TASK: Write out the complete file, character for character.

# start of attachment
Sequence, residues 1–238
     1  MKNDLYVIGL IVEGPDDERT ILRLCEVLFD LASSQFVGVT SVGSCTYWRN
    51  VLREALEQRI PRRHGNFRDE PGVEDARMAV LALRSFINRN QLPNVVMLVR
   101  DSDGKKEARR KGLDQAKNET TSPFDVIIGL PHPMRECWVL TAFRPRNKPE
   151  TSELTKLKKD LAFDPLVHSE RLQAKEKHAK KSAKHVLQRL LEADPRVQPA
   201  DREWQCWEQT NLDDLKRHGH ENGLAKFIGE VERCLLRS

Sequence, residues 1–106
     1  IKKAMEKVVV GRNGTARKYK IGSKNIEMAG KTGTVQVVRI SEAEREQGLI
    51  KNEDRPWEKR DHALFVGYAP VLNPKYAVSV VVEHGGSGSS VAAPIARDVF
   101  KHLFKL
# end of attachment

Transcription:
Sequence, residues 1–238
     1  MKNDLYVIGL IVEGPDDERT ILRLCEVLFD LASSQFVGVT SVGSCTYWRN
    51  VLREALEQRI PRRHGNFRDE PGVEDARMAV LALRSFINRN QLPNVVMLVR
   101  DSDGKKEARR KGLDQAKNET TSPFDVIIGL PHPMRECWVL TAFRPRNKPE
   151  TSELTKLKKD LAFDPLVHSE RLQAKEKHAK KSAKHVLQRL LEADPRVQPA
   201  DREWQCWEQT NLDDLKRHGH ENGLAKFIGE VERCLLRS

Sequence, residues 1–106
     1  IKKAMEKVVV GRNGTARKYK IGSKNIEMAG KTGTVQVVRI SEAEREQGLI
    51  KNEDRPWEKR DHALFVGYAP VLNPKYAVSV VVEHGGSGSS VAAPIARDVF
   101  KHLFKL